B. The Cater Factors

 Under D.C. Bar Rule XI, § 3(a)(2), “[a]ny order of suspension may include a requirement that the attorney furnish proof of rehabilitation as a condition of reinstatement.   In the absence of such a requirement, the attorney may resume practice at the end of the period of suspension without further order of the Court.”   However, if the court elects to impose a fitness requirement, the attorney may not resume the practice of law without first making an affirmative showing of fitness.  “[T]he open-ended fitness requirement is intended to be an appropriate response to serious concerns about whether the attorney will act ethically and competently in the future, after the period of suspension has run.”  Cater, 887 A.2d at 22.

 In Cater this court held that when a fitness requirement is being sought or considered, Bar Counsel must establish by clear and convincing evidence that a “serious doubt” exists as to the attorney's fitness to practice law.  Id. at 24.   We listed three factors that are “relevant” in a case such as this, in which an attorney “has failed to participate in the disciplinary inquiry,” in determining whether there is such a serious doubt:  “(1) the respondent's level of cooperation in the pending proceeding(s), (2) the repetitive nature of the respondent's lack of cooperation in disciplinary proceedings, and (3) ‘other evidence that may reflect on fitness.’ ”  Id. at 25-26 (quoting Board Report).10  We conclude that in the present case the Board misapplied the Cater factors because it failed to consider the committee's findings of basic facts, which were supported by substantial evidence.

1. Respondent's level of cooperation

The Board argues that the first Cater factor weighs against the imposition of a fitness requirement because during the investigation Ms. Lea telephoned Bar Counsel, provided Bar Counsel with the Pennsylvania address, and testified at the hearing.   We find it difficult to regard Ms. Lea's telephone calls as cooperative efforts when, during the call on September 18, 2001, she promised to file a response but then failed to do so, and when, during the call on February 4, 2003, she refused to give Bar Counsel an address at which she could be personally served.   Similarly, the hearing committee was not required to credit Ms. Lea for giving Bar Counsel her mother's address in Pennsylvania because she either ignored the mail sent to that address or failed to ensure that it reached her in a timely manner.   Moreover, although Ms. Lea participated in the disciplinary hearing by telephone, her level of participation is undercut by the hearing committee's credibility findings, which we shall discuss more fully later in this opinion.   Indeed, the committee discredited any testimony which suggested that Ms. Lea intended or tried to cooperate with Bar Counsel.   Moreover, as far as the record shows, Ms. Lea has never responded substantively to Bar Counsel's underlying complaint, which was based on the Superior Court's Rule 11 sanction.

2. The repetitive nature of respondent's lack of cooperation

In its discussion of the second Cater factor, the Board argues in its brief that “repeated” misconduct “usually refers to a failure to respond to more than one disciplinary complaint.”   Therefore, the Board maintains that because this was Ms. Lea's first disciplinary infraction, she did not demonstrate “the kind of ‘indifference or worse’ toward the disciplinary process that would warrant a fitness requirement under the second Cater factor” (quoting Board Report).  Godette I demonstrates, however, that a repeated failure to respond to a single disciplinary complaint may be considered when determining whether to impose a fitness requirement.   In that case we held that “[e]ven in a single investigation, an attorney's disregard for the disciplinary process may be so repeated, deliberate, and prolonged that a requirement to prove fitness is entirely justified.”  Godette I, 919 A.2d at 1167.   Here, because of Ms. Lea's repeated failure to cooperate, Bar Counsel mailed at least five letters asking for her response to the complaint;  the Board ordered her to respond;  a process server was unable to effect personal service after numerous attempts;  Bar Counsel finally had to resort to service by publication;  and almost four years elapsed before the committee could hold a hearing on the disciplinary complaint.   Thus, as a matter of law, we reject the Board's assertion that because this is Ms. Lea's first disciplinary infraction, a fitness requirement is not justified.   We conclude instead that the Board should have given weight to Ms. Lea's repeated failure to respond to the complaint.11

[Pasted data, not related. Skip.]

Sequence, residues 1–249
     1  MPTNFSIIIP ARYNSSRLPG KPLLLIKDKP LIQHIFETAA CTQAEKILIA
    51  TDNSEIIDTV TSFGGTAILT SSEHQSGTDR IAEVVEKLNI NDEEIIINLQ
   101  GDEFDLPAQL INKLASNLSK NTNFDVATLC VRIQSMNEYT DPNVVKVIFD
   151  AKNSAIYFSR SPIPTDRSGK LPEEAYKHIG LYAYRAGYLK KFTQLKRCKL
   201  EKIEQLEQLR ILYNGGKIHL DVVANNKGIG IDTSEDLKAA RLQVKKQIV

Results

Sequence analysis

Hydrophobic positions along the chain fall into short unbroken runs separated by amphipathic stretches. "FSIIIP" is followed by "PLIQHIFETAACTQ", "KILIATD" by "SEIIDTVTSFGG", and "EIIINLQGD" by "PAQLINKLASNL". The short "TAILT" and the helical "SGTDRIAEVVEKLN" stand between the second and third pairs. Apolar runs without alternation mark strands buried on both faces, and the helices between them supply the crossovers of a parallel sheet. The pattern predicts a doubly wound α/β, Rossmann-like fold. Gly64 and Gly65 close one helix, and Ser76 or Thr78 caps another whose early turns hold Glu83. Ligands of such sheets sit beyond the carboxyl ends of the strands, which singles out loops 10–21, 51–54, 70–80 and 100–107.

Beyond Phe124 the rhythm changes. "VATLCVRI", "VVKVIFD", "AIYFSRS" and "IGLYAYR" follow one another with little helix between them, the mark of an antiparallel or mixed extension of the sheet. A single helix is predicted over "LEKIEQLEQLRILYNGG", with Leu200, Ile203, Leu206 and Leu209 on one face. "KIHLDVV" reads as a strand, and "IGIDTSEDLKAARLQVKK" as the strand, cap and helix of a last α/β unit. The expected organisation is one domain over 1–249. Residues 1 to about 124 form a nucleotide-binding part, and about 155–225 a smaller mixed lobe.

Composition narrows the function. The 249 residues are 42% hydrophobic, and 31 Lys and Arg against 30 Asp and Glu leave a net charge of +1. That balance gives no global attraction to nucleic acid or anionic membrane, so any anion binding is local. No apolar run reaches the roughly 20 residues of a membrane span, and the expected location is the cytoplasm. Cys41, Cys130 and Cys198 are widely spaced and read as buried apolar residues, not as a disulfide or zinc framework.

3. Other evidence reflecting on fitness:  Deliberate disregard for the disciplinary process

 In Cater we stated that “[t]he relevance of the first two factors is undeniable, and the catchall third factor ensures that any other relevant facts will be taken into account.”  887 A.2d at 26.   Relevant to the imposition of a fitness requirement is any evidence that the respondent “evinces deliberate disregard for the disciplinary process in violation of [Rule of Professional Conduct] 8.4(d) and [D.C. Bar Rule] XI, § 2(b)(3).”  In re Delaney, 697 A.2d 1212, 1214 (D.C.1997).  “In and of itself, such behavior raises a serious question about the attorney's continuing capacity and willingness to fulfill his or her professional obligations.”  Cater, 887 A.2d at 25.   We conclude that the Board, in applying the third Cater factor, failed to give sufficient consideration to the committee's findings regarding Ms. Lea's deliberate disregard for the disciplinary process, namely, its findings that Ms. Lea had deliberately evaded service and that her testimony was not credible.